But the problem is that my choices sometimes do affect you, and my viewpoint often depends on whether I’m the doer or the one dealing with it. I want to be able to lead my own life and not consider you. On the other hand, I don’t want you to be able to shoot off guns near my property, litter in the street or keep roosters next door. (I don’t mind your chickens, but I’m not listening to that damn rooster for six hours every morning.) You get the idea. I want all of my freedom and your good behavior, and we all feel that way.

So, as a society, we must compromise. In the Unites States we err towards personal freedom; it has been a cornerstone of our culture. Recent fear mongering has pushed some of us into demanding that all new-comers “act like us,” which, if you think about it, is a very odd demand. Anyone who acts like themselves is behaving like an American, aren’t they, here in the land of individual freedom?

Some areas are less open to compromise than most, even in the U.S.,  particularly those that involve caring for our common safety. My right to dump my toxic waste, to create fire hazards, or to drive as fast as I like all collide with your right not to die an timely death. Yet, reasonable people can and still do disagree about where these lines should be drawn.

The one area in which we are unarguably linked together is in the realm of insurance. It doesn’t have to be that way. We could live in a world in which if your house burned down, or you were in a traffic accident, or you were diagnosed with cancer, then you and your family were simply screwed. End of story. The 90 percent of us for whom everything was going well would feel bad for you, we really would, but hey, that’s the way the cookie crumbles.

But that’s not our world. Some enterprising people came up with the idea that if we all paid a little into a pot called car insurance, or home-owners, or auto, or health, or life, then the lucky people would keep paying into the pot and get little to nothing for it. That’s right, the lucky ones. The unlucky would get back far more than they put in, but as they dealt with illness, devastation and loss, they would not be rendered penniless as well. And, of course, the insurance salespeople and their companies would make a nice bit of profit as well. It has been a wildly successful idea.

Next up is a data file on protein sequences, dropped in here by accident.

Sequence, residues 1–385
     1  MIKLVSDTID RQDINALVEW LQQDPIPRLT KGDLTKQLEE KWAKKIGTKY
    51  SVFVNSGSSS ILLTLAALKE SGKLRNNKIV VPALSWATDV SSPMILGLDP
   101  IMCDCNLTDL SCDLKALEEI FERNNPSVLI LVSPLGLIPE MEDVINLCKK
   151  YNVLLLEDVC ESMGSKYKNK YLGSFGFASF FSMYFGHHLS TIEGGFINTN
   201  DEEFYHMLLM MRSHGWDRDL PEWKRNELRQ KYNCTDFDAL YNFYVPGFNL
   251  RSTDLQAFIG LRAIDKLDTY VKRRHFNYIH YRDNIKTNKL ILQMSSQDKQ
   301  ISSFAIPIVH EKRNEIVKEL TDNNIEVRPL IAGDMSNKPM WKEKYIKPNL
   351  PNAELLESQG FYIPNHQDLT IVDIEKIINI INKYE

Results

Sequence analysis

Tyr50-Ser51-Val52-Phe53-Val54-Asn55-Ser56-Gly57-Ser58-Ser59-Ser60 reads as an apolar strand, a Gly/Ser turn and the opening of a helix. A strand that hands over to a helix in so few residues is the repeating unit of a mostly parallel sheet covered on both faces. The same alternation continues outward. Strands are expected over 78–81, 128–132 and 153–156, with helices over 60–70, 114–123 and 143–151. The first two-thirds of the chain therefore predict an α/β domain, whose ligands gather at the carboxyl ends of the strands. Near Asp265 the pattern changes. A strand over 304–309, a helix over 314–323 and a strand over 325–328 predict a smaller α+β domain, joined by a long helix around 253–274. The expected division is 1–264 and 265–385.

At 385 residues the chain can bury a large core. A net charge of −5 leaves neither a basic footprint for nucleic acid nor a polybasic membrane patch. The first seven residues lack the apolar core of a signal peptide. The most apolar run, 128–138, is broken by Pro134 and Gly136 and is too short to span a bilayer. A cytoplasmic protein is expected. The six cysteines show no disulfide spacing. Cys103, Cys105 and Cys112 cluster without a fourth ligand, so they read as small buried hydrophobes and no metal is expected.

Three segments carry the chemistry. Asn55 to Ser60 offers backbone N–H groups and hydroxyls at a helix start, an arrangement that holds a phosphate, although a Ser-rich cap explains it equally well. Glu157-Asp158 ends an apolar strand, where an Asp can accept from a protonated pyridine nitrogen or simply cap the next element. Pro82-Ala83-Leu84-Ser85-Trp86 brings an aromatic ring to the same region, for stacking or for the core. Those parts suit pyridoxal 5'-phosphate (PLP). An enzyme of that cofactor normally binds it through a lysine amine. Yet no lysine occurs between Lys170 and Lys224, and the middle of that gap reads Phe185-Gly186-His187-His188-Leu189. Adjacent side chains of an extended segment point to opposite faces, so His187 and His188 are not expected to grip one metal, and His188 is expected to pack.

Consider that insurance is quite contrary to the American concept that my choices don’t affect you. Once we agree to insurance, we agree to be part of a larger pool. So enter health insurance. Like life and auto insurance, some people are deemed higher risk than others and not everyone pays the same. However, if payments (commonly called premiums) are allowed to deviate so wildly that those most likely to use the insurance can’t possibly afford it, then something in the system is out of whack. And it is.

Perhaps part of the problem is the cost of the medical care itself. We may have evolved a system in which we simply spend so much on our health as a society that even when we spread out the costs, we still can’t afford it. Maybe it is because of more expensive procedures and medicines, or a bloated system supporting too many employees, or individuals or institutions demanding a larger profits. Maybe it is a little bit of all of the above.

Maybe part of the problem is the health insurance industry, too. Has this group become too large for us to sustain or has the cut demanded by the insurance industry itself become too high?

Perhaps those with little need for health care now ( young single healthy males) would rather pay far less or nothing and not worry about the needs of families and aging until they have families and are feeling the effects of aging themselves? That’s understandable, when viewed through the eyes of ones own needs.

I say males, because women have additional health needs based on their reproductive systems. Contraception, check ups, prenatal care and childbirth are issues for the vast majority of females. It might be easy to say, well, that’s your dumb luck but not my problem. And in fact, some of the modifications being proposed to health care in the U.S. do say exactly that, to females, to those who are older, to those with pre-existing conditions or mental health needs.